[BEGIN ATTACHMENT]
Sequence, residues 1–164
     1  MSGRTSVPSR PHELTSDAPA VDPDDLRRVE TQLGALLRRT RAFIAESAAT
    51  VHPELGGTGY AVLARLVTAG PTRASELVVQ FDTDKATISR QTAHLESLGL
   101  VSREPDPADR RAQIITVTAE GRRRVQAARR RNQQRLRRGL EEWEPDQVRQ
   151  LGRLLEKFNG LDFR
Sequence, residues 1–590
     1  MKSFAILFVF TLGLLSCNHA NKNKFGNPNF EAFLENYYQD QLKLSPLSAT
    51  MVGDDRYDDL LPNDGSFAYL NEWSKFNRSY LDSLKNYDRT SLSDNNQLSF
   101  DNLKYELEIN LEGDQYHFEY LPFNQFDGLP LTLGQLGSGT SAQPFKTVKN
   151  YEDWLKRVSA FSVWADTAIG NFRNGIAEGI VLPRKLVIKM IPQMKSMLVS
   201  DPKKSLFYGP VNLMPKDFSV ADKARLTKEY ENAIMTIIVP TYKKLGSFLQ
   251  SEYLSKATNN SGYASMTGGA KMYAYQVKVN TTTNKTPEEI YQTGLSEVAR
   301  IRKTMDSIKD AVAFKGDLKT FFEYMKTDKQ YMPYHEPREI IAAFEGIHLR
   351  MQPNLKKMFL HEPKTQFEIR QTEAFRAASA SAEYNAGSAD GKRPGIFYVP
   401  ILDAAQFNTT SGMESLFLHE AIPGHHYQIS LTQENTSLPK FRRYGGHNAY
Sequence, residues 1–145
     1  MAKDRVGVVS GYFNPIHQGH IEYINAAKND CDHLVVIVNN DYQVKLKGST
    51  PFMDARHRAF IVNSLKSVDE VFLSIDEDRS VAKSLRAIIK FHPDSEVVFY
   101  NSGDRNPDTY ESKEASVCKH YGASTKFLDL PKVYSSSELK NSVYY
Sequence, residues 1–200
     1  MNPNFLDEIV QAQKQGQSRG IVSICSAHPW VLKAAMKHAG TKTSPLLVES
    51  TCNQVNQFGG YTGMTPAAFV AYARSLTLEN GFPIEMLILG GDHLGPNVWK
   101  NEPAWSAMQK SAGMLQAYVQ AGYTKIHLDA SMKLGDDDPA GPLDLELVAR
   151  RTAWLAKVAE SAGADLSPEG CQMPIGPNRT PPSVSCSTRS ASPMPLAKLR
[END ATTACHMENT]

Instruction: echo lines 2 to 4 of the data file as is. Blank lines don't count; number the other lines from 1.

     1  MSGRTSVPSR PHELTSDAPA VDPDDLRRVE TQLGALLRRT RAFIAESAAT
    51  VHPELGGTGY AVLARLVTAG PTRASELVVQ FDTDKATISR QTAHLESLGL
   101  VSREPDPADR RAQIITVTAE GRRRVQAARR RNQQRLRRGL EEWEPDQVRQ